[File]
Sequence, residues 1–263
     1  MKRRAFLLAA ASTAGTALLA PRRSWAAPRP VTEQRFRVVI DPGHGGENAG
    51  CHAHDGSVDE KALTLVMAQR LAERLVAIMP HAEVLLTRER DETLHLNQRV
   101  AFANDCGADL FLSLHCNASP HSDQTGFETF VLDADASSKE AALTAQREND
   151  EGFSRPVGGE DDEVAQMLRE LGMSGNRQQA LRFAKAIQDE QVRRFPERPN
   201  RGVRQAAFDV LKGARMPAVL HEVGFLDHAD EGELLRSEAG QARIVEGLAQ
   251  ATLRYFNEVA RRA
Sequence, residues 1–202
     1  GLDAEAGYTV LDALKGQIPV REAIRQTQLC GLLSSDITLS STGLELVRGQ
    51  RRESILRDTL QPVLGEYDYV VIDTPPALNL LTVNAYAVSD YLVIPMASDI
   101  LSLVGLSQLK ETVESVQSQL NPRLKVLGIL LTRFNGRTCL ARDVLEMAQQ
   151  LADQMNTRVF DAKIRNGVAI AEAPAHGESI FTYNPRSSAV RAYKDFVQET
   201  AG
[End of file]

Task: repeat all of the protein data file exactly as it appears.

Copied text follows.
Sequence, residues 1–263
     1  MKRRAFLLAA ASTAGTALLA PRRSWAAPRP VTEQRFRVVI DPGHGGENAG
    51  CHAHDGSVDE KALTLVMAQR LAERLVAIMP HAEVLLTRER DETLHLNQRV
   101  AFANDCGADL FLSLHCNASP HSDQTGFETF VLDADASSKE AALTAQREND
   151  EGFSRPVGGE DDEVAQMLRE LGMSGNRQQA LRFAKAIQDE QVRRFPERPN
   201  RGVRQAAFDV LKGARMPAVL HEVGFLDHAD EGELLRSEAG QARIVEGLAQ
   251  ATLRYFNEVA RRA
Sequence, residues 1–202
     1  GLDAEAGYTV LDALKGQIPV REAIRQTQLC GLLSSDITLS STGLELVRGQ
    51  RRESILRDTL QPVLGEYDYV VIDTPPALNL LTVNAYAVSD YLVIPMASDI
   101  LSLVGLSQLK ETVESVQSQL NPRLKVLGIL LTRFNGRTCL ARDVLEMAQQ
   151  LADQMNTRVF DAKIRNGVAI AEAPAHGESI FTYNPRSSAV RAYKDFVQET
   201  AG